Haslemere Natural History Society

Providing a focus for enthusiastic naturalists of all ages

Plant Adaptions: Flowers and Pollination

Date: 13 November 2021
Indoor Meeting

Professor Mark W. Chase FRS, retired Senior Researcher, The Royal Botanic Gardens, Kew
This was held as a Zoom presentation with 26 members logging on.
Cone-bearing plants first appeared 350 million years ago, whereas flower-bearing plants evolved later at 150 million years ago. There are no intermediates, so it is not known how flowers came to be.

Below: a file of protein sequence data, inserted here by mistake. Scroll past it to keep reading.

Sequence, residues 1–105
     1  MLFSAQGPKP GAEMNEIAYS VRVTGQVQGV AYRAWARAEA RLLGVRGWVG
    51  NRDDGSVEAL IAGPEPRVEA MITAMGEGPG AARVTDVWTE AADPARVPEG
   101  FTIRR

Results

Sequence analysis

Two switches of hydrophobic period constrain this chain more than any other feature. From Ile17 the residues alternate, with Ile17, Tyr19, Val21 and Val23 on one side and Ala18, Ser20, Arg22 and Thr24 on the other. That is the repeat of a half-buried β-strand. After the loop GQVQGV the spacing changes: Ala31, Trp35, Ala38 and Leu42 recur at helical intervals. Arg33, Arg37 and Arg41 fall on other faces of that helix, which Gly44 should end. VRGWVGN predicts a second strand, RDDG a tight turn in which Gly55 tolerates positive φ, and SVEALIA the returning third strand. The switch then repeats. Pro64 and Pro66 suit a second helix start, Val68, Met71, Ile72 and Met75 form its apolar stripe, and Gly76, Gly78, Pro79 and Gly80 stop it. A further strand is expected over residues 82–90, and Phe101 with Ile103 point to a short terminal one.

Wind-pollinated plants are always green as insects are not needed for pollination. Primitive flowers (magnolias and waterlilies) have many parts in a spiral arrangement and insects can approach from any direction.
Advanced flowers have few parts, often a definite number. Some have special structures (e.g. snapdragon) to encourage particular insects to visit and pollinate. Orchids can trick insects into visiting them, such as the Asian Slipper Orchid. The British Fly Orchid attracts wasps; a species in Madagascar is pollinated by a moth; and the pollinator of an orchid in Reunion was found by night-vision camera to be a cricket.

Scroll to top
Cookie Consent with Real Cookie Banner